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From: Mark Rifkin (rifkin.vegsource.com)
Subject:         Do ONE Thing and Do It Well
Date: February 5, 2006 at 12:27 pm PST

Hi all,

As you consider nutrition as a career, be careful to focus your business ideas as much as possible.

Although I've been interested in nutrition for awhile, other health modalities eventually also piqued my interest. Massage, reiki, acupuncture, fitness/exercise, herbs, etc. can also have some appeal to nutrition-oriented practitioners. Some of you may be interested in expanding your practice to include some of these other modalities. I would encourage you to carefully reconsider your priorities.

A lack of focus may contribute to a poor business image. There is a TV commercial airing here (for some unidentified product) which portrays hypothetical examples of such businesses: Ray's Boating Supply and Tattoo Parlor, Sue's Vintage Clothing and Web Design Studio..... you get the idea. Clearly Ray and Sue have not done enough self-assessment and business analysis to narrow their business idea to an achievable and practical goal. While these examples are a bit exaggerated, they do point out that focus is essential.

In general, any practitioner should focus on one area of study. If you do it well and become exposed to the various sources of information and resources, you'll become slightly overwhelmed. If you're not at least slightly overwhelmed, you're probably not fully aware of the resources at your disposal.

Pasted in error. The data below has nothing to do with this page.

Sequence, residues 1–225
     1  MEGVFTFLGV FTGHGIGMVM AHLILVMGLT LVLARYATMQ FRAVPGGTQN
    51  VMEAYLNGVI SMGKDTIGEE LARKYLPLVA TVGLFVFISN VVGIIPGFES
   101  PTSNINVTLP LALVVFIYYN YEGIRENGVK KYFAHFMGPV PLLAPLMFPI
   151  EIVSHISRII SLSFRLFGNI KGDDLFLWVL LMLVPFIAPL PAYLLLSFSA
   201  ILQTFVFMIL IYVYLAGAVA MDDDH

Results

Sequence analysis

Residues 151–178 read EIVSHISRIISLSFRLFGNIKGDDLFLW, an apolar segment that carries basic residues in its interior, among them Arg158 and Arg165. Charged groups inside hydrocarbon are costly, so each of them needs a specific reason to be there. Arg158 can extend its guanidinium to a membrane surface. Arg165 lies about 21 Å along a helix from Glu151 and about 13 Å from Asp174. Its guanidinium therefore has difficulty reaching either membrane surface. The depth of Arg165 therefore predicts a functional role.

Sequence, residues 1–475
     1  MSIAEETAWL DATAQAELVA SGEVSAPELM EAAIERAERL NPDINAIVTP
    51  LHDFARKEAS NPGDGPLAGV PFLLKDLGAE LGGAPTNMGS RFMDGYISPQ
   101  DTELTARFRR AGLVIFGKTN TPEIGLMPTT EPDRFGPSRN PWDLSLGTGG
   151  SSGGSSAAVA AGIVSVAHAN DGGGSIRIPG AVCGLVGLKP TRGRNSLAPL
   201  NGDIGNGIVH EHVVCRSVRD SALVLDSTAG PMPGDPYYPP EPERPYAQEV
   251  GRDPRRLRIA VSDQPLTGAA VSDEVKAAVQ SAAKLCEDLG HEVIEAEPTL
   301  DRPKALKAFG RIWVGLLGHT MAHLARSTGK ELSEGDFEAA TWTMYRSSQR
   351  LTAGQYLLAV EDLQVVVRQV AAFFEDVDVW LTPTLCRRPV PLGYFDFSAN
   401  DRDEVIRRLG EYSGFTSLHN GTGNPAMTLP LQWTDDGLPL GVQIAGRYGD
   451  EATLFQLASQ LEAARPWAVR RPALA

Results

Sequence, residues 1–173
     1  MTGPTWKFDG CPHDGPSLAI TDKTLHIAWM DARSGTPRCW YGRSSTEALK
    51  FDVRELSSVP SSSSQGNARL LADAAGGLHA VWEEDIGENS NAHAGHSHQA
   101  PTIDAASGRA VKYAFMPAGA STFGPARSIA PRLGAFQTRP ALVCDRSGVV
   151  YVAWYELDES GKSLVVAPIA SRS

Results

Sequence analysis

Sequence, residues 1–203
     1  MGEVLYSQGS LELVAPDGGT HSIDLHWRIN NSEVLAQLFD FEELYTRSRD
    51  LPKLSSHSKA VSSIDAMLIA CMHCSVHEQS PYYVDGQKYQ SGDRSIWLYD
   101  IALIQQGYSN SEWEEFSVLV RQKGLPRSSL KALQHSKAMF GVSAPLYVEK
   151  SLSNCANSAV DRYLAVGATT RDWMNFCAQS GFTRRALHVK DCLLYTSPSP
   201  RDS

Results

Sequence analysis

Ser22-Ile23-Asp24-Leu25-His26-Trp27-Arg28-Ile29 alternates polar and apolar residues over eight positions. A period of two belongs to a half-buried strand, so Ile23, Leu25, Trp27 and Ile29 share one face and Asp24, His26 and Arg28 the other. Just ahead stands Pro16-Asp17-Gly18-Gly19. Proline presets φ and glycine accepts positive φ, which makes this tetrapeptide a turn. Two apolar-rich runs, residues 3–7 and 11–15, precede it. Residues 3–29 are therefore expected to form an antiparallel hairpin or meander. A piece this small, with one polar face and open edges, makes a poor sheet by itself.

For my own business, I decided early on to restrict my focus to food----no therapies, no supplements, no herbs, no homeopathic remedies, etc. Later I refined that to include general knowledge of vitamin and mineral supplements only (not the supplements commonly advertised in the free magazines at natural food stores). This helps to limit information overload---which will likely become a challenge for you as well. My decision has proved correct---the information overload just related to nutrition education, foods and chronic disease prevention is plenty----I don't need to be a reiki master or herbalist as well.

Although the various health modalities are of value, I believe that adding one to nutrition will prove completely overwhelming, ultimately dragging you and your business down. Not only for the reason of overload of information/ resources, but also because any legitimate modality will also require continuing education throughout your career. That's even more days lost from revenue-producing activities. (If a modality doesn't require at least ten education hours yearly, I might question its legitimacy.)
For registered dietitians, 75 education hours over 5 years (15 per year) are required.

So ask yourself, what is the ONE thing you think you can do well, perhaps better than anyone else you know? Then do it, and do it to the best of your ability.

Mark E. Rifkin, MS, RD, LDN

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